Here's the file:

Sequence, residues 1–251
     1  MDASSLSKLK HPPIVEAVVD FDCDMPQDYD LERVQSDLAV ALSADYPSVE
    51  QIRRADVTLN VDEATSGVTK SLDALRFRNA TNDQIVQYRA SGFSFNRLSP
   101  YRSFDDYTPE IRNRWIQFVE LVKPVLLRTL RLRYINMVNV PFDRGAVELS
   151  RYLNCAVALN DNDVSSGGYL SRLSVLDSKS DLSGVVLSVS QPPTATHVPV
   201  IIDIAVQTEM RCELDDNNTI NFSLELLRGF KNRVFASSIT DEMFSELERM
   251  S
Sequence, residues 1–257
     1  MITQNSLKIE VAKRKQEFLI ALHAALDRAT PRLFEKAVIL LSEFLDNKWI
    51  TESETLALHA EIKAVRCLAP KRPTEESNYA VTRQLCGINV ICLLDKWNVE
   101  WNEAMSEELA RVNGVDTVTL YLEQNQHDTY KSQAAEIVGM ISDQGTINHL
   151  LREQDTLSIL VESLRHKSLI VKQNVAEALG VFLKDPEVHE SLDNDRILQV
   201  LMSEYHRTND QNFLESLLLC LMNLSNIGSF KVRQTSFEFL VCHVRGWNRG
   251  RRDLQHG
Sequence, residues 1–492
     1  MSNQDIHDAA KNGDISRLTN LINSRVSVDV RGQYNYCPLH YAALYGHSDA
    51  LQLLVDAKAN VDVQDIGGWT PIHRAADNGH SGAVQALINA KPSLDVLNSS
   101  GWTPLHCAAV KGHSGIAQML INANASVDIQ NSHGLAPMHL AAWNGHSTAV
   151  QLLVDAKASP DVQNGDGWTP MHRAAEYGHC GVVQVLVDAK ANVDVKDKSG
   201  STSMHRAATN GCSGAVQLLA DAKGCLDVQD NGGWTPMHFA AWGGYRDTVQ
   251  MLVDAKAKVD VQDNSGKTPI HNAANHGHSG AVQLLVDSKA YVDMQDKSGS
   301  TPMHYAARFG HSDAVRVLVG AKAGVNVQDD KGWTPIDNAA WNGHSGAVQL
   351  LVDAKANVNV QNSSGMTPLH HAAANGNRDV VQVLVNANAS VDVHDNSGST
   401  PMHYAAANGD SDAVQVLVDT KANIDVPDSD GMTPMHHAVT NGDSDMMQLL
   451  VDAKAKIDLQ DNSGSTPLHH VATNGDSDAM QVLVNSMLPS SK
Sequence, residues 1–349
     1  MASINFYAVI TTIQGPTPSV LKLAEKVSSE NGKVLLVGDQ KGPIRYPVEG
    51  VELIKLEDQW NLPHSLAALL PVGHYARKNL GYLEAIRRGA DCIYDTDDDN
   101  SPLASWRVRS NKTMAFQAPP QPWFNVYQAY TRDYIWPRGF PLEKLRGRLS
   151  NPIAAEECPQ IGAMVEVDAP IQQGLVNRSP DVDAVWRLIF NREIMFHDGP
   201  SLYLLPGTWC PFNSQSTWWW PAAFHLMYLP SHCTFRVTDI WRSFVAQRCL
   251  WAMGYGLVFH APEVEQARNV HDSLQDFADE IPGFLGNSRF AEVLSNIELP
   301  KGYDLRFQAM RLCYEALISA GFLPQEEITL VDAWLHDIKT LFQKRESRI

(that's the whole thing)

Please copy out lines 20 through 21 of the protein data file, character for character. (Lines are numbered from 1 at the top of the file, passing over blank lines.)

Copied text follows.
   201  STSMHRAATN GCSGAVQLLA DAKGCLDVQD NGGWTPMHFA AWGGYRDTVQ
   251  MLVDAKAKVD VQDNSGKTPI HNAANHGHSG AVQLLVDSKA YVDMQDKSGS